The Malta Independent 26 February 2024, Monday
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TMID Editorial: Time to prioritise sustainable transport

Monday, 27 November 2023, 12:24 Last update: about 4 months ago

Sunday happened to be the World Sustainable Transport Day - a day declared by the United Nations General Assembly back in May which is dedicated the strengthening of sustainable transport and of calls for the education of people worldwide about transport issues.

It is certainly a day which should be given heed in Malta, for the country's traffic problems are no better today than they ever were - quite the opposite, really; they are worse.


Despite a €700 million investment in new infrastructure Malta's roads are still saturated with traffic and are on the teetering edge of total blockage. 

The organisation of a major event like the recent SiGMA conference which caused a disruption to the routine traffic patterns and, by extension, left half the country in traffic gridlock shows that Malta's roads infrastructure remains very fragile.

It's not just SiGMA: something as simple as rainfall, or a traffic accident can cause hundreds of metres of traffic jams, leaving people sitting frustratedly in their cars.

And yet, the sheer number of cars on Malta's roads continues to increase: At the end of September 2023, the stock of licensed motor vehicles stood at 436,007, of which 73.9 per cent were passenger cars, as per the most recent National Statistics Office data available.

During the third quarter of 2023, the stock of licensed motor vehicles increased at a net average rate of 43 motor vehicles per day.

This same set of data shows that there have been significant increases registered in plug-in hybrid (diesel-electric), electric and combined (diesel-LPG) motor vehicles, but the fact remains that - while far more sustainable and environmentally friendly than their purely fossil-fuel powered counterparts, remain what they are: vehicles which take up road space.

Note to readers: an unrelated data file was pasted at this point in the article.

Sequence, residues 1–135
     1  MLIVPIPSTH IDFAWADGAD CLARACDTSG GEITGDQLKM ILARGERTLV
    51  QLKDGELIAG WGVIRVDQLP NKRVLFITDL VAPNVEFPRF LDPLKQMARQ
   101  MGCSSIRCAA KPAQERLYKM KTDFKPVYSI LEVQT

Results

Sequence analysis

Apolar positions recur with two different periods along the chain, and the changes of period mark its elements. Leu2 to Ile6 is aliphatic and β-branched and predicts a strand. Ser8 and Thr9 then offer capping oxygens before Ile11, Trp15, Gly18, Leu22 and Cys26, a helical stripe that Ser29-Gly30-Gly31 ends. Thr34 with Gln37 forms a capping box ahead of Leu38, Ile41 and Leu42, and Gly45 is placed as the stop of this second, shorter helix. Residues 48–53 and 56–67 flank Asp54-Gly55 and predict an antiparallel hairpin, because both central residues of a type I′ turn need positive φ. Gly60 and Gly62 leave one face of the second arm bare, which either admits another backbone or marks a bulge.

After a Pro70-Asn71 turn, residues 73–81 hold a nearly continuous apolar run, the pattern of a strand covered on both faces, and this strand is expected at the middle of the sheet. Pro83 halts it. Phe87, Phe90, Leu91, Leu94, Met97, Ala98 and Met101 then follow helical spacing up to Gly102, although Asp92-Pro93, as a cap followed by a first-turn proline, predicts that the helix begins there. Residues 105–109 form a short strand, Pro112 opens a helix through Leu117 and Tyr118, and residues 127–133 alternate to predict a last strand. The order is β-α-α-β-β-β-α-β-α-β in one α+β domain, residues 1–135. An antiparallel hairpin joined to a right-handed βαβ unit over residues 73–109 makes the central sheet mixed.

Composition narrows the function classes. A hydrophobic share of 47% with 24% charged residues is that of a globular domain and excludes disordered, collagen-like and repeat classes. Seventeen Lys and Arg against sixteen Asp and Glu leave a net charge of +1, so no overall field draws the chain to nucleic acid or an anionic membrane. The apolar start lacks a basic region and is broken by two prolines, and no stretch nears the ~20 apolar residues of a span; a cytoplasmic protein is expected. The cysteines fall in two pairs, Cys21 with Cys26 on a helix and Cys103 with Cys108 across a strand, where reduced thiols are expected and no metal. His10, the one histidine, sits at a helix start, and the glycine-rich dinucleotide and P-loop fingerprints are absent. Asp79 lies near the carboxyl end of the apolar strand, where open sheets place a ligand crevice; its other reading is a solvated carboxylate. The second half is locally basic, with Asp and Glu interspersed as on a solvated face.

Malta is practically at a point where roads cannot be widened further.  Space was already at a premium, and now the little space that there was has been used up, to very little reprieve.

A study to connect Malta's "scattered" cycling network and create a National Cycling Route Network as one of the 31 measures making up a new National Cycling Strategy which is currently open for public consultation in preparation for a full unveiling towards the end of this year or the start of 2024 is a good step in the right direction.

However, this National Cycling Strategy has been on the cards in various formats since as far back as November 2018.  That first version had 45 measures, but activists derided it as being very clearly written by someone who does not cycle.

It seems to have been shelved from then on, only to be resurrected now - six years later. 

That is six years of lost time: six years where a modal shift with the correct infrastructure could have begun and been emphasised.  Quite the opposite, instead, Malta has lost more and more transport systems which aim to reduce the number of cars in the road: bicycle rental services such as NextBike, car-sharing services such as GoTo, and soon scooter services such as Bolt have been consigned to history.

The time to prioritise a shift away from cars was probably around five or ten years ago; each day which passes now is a day wasted.


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